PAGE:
The European Trade Mark System


The European Trade Mark System

Tuesday, 9 April, 2013

Intellectual property protection is essential for both big and small businesses. Trade marks are often the most important assets of companies. A trade mark can be a word, a logo or every other feature that can be presented graphically. Since 1996 the trade mark system has been harmonized and simplified within the whole European Union.

Community Trade Marks (CTM) cover all present 27 member states of the European Union. However, only one single application must be filed at the Office of Harmonisation in the Internal Market (OHIM). In consequence, the application can be filed in one of the 22 languages of the European Community. Additionally, a second language has to be chosen which has to be different from the first language and must be one of the five languages of the Office, namely, Spanish, German, English, French or Italian. As trade marks generally serve to distinguish the goods and services of one competitor from those of other competitors the applicant has to choose at least one class from the list of goods and services (according to the Nice classification). Basically, all marketable goods and services can be classified. The registration fees depend on the number of classes of goods and services that are included in the application. The basic fee amounts to € 900.00. If more than three classes are covered there is a fee of € 150.00 for each additional class.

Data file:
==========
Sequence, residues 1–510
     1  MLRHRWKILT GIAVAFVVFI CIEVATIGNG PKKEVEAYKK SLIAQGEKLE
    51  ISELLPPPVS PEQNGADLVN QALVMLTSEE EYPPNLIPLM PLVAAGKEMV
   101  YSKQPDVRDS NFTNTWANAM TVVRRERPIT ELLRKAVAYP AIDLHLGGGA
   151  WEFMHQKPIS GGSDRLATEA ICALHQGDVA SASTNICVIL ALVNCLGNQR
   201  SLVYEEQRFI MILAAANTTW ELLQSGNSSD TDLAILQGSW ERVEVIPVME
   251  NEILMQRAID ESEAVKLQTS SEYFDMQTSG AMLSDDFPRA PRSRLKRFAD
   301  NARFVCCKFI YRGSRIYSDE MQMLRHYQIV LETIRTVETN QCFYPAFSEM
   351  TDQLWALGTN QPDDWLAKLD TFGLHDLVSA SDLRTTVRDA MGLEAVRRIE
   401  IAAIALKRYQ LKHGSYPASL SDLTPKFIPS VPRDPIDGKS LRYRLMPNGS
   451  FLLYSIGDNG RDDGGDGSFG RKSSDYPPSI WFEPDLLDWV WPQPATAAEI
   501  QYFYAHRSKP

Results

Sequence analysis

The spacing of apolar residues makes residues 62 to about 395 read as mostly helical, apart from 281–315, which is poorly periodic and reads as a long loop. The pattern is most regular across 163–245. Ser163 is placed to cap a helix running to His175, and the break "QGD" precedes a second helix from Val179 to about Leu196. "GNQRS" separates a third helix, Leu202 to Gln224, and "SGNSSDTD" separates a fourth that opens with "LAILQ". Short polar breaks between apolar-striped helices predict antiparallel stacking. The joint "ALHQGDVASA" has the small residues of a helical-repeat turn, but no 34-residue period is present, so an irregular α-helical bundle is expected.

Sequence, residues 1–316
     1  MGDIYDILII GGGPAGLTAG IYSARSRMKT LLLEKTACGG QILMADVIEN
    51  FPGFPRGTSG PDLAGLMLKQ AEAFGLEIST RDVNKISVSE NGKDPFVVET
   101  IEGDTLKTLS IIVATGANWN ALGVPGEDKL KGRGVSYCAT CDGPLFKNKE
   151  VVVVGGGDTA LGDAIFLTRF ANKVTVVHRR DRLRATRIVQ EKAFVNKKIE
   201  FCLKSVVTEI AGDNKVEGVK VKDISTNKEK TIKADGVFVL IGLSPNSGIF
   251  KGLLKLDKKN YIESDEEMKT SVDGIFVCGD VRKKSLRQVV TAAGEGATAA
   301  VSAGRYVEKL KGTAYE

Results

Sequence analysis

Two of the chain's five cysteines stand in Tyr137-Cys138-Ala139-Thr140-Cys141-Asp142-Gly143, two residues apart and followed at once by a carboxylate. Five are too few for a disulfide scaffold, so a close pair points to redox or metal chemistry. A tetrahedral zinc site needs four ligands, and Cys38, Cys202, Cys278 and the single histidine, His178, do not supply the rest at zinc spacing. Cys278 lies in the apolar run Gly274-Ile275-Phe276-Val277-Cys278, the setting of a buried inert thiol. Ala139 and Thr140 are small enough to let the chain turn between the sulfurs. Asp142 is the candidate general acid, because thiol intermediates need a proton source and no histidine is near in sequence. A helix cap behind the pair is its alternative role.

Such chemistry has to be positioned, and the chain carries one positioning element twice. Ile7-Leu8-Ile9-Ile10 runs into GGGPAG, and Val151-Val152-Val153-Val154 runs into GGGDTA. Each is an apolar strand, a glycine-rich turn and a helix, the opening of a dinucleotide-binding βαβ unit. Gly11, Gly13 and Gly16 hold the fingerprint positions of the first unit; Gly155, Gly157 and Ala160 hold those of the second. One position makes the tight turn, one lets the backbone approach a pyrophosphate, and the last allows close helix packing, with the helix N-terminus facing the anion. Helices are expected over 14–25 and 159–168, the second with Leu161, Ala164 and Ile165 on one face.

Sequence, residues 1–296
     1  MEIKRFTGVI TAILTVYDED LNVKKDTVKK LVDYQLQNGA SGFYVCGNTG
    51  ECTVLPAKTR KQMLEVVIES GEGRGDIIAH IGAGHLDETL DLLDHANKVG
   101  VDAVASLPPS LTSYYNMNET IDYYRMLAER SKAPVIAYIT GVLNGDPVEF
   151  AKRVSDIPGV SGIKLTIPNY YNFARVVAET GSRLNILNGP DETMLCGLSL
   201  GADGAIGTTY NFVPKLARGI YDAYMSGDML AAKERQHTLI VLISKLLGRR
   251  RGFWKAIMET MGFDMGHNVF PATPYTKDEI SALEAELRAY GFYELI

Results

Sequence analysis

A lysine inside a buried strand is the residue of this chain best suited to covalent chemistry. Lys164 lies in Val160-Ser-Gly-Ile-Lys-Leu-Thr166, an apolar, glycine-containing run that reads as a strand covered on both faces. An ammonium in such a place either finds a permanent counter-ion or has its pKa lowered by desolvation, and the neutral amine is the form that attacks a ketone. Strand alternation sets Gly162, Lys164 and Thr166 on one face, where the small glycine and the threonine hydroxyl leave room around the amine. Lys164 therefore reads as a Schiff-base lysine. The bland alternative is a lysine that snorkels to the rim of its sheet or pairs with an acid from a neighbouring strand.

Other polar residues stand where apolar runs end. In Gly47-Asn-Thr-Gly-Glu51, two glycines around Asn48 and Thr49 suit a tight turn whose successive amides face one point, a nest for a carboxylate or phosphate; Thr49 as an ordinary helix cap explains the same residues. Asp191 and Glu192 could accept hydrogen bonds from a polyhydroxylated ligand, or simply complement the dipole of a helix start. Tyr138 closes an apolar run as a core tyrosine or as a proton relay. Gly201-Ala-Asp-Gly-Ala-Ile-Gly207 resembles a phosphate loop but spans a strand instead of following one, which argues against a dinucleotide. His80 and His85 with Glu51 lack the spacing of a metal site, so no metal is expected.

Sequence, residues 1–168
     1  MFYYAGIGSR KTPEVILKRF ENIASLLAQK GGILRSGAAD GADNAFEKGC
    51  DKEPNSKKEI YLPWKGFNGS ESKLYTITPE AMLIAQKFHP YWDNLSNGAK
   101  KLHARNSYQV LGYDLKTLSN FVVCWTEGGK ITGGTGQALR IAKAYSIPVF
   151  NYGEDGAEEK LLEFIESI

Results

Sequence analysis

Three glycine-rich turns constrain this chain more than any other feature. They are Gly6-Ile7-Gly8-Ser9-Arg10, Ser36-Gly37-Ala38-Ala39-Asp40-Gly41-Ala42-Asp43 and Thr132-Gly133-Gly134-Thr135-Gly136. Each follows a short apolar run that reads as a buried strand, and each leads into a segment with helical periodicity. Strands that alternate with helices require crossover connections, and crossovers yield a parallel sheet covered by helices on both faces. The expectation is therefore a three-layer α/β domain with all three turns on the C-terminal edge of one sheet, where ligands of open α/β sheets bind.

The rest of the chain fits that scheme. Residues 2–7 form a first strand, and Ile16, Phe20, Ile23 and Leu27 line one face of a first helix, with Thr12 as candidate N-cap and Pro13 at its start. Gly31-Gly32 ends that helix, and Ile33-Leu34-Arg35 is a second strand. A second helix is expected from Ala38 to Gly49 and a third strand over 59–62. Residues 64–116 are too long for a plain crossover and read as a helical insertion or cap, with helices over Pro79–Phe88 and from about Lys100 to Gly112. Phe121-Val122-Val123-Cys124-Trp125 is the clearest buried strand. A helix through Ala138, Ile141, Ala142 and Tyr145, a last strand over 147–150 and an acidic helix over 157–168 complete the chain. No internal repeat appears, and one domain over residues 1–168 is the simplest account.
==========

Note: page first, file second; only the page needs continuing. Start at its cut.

Once the application of a CTM is examined and accepted by the OHIM the trade mark will be published in the Community Trade Marks Bulletin. From that moment there is a three month period for filing an opposition which is a procedure, that takes place before the Harmonization Office when a third party requests to reject a Community trade mark application. After three months - if no opposition is filed - the trade mark will be registered as Community Trade Mark.


Only owners of registered trademarks can take legal action against anybody who uses the trademark to profit from the brand without permission. In this connection it should be noted that a CTM expires 10 years after the date of filing of the application and can be renewed for another 10 years for an infinite number of times. Community trade marks should be renewed in due time in order to maintain adequate protection otherwise they will be marked as expired.